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Real Farms not Animal Factories
Common Pork Labels
Organic pigs are kept in conditions that, as far as possible, allow them to express their natural behaviour. The use of the European Union Organic logo is mandatory for all pre-packaged organic products that have been produced in any EU Member State. The Soil Association Organic Standard is one of only a few schemes that chooses to “set it’s standards even higher than the EU organic standard”.
Free range pigs are born outside, in fields and they remain outside until they are sent for slaughter. They are provided with food, water and shelter and are free to roam within defined boundaries. Free range pigs have very generous minimum space allowances, which are worked out according to the soil conditions and rotation practices of the farm. Breeding sows are also kept outside, in fields for their productive life. There is no official logo for free range, so look for the words ‘free range‘ on the packaging.
RSPCA Assured is the RSPCA’s labelling and assurance scheme dedicated to improving welfare standards for farm animals. About 30% of pigs reared in the UK are reared under this label. The RSPCA assesses farms to strict welfare standards and if they meet every standard they can use the RSPCA Assured label on their product. The scheme covers both indoor and outdoor rearing systems and ensures that greater space and bedding material are provided. Look for the RSPCA Assured logo.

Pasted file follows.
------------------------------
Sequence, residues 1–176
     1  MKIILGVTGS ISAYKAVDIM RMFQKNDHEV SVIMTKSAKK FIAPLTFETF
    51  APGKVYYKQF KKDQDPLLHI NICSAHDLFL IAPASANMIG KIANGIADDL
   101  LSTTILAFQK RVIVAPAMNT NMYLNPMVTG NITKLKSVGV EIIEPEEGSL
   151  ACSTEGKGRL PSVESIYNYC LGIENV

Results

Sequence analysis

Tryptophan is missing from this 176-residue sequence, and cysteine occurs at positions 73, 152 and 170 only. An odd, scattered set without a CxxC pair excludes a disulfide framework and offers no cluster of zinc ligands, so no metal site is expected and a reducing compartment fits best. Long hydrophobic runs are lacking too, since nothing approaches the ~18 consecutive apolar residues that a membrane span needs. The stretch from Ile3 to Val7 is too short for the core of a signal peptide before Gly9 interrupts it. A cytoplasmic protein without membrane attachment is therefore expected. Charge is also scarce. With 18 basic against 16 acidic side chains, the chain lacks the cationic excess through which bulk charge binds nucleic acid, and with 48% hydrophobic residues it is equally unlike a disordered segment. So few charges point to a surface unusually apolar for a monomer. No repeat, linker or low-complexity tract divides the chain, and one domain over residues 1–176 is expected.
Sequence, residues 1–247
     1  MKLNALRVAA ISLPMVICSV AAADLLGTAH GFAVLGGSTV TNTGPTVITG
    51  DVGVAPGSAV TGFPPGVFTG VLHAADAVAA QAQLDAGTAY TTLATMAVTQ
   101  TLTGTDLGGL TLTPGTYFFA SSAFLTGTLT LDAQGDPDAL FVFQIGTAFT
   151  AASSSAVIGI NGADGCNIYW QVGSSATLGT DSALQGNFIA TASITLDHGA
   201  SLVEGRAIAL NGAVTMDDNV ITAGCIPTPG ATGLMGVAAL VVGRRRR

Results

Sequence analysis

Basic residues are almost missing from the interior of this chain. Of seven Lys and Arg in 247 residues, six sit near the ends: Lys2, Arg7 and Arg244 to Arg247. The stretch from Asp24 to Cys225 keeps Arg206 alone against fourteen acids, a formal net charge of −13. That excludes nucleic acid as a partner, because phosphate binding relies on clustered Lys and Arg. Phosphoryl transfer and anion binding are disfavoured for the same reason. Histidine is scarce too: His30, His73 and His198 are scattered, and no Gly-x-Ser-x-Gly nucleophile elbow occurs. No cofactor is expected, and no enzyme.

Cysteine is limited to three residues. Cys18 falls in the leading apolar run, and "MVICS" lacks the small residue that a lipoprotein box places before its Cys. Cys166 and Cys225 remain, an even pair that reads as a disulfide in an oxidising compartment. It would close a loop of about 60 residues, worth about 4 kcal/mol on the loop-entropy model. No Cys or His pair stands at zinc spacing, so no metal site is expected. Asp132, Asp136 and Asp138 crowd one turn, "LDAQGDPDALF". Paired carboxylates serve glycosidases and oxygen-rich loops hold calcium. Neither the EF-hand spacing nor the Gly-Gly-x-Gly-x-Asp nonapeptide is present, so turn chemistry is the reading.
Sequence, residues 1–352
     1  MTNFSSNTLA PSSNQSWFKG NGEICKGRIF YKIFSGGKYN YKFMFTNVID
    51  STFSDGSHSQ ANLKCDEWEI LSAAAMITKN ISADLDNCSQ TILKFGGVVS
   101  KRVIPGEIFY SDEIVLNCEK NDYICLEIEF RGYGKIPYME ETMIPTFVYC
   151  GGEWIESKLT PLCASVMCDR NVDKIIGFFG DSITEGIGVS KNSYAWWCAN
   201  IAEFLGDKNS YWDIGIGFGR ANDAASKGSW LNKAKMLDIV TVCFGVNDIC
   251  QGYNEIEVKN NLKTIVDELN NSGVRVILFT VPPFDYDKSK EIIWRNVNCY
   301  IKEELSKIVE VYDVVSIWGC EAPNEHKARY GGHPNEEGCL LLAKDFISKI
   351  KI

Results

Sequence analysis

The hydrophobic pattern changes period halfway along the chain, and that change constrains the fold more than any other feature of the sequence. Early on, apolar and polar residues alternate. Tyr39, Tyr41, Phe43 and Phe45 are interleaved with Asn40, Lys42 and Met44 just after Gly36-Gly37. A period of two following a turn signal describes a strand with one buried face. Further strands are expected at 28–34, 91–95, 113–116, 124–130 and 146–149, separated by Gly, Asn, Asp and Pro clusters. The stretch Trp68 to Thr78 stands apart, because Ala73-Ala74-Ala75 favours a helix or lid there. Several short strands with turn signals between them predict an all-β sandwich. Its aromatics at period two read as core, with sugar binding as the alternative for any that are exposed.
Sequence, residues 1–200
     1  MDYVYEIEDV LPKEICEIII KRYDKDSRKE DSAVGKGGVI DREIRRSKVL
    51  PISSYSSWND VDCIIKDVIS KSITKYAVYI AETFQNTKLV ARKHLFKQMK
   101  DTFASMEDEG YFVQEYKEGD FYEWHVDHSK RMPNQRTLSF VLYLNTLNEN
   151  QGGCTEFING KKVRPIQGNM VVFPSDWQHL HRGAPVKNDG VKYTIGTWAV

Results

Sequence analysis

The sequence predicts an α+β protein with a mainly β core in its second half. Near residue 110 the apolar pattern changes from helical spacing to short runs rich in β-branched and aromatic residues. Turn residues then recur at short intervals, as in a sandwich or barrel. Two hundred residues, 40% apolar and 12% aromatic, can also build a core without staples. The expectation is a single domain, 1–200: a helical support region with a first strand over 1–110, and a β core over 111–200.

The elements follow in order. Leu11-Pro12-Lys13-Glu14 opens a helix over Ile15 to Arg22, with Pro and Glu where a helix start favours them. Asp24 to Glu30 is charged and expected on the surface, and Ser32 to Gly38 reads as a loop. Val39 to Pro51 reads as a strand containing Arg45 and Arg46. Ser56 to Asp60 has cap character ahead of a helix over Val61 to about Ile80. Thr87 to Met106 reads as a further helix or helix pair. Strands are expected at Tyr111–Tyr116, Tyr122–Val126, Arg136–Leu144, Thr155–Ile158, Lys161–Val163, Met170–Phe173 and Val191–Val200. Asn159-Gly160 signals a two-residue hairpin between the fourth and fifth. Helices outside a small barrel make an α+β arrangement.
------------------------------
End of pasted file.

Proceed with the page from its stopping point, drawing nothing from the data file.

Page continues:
Breeding sows are free range and kept outside in fields their entire lives. The fattening pigs are born outside and stay free range until weaning (normally around 4 weeks). The fattening pigs are then moved indoors into an intensive system (unless the RSPCA logo is present as well, in which case they go into a straw-based system). ‘Outdoor reared’ is similar to ‘outdoor bred’, but the piglets have access to the outdoors for up to 10 weeks before being moved indoors. There is no official logo for outdoor bred, so look for the words ‘outoor bred‘ on the packaging.
The Red Tractor Assured Food Standards scheme only assures UK consumers that meat products comply with UK minimum legal requirements. It is not a guarantee of good animal welfare and allows intensive production. The Red Tractor logo used in conjunction with a Union Jack only guarantees that the pork is British.
No welfare label
If there is no welfare label, don’t buy it. Pork with no welfare label will have almost certainly have come from a factory farm. These pigs will have been crammed into unhealthy & overcrowded sheds. The lack of space & bedding means that the animals suffer stress and disease, are prone to tail biting and have to be routinely given antibiotics, just to keep them alive.
If you buy pork, look for high animal welfare labels like RSPCA Assured, Outdoor Bred, Free Range & Organic.
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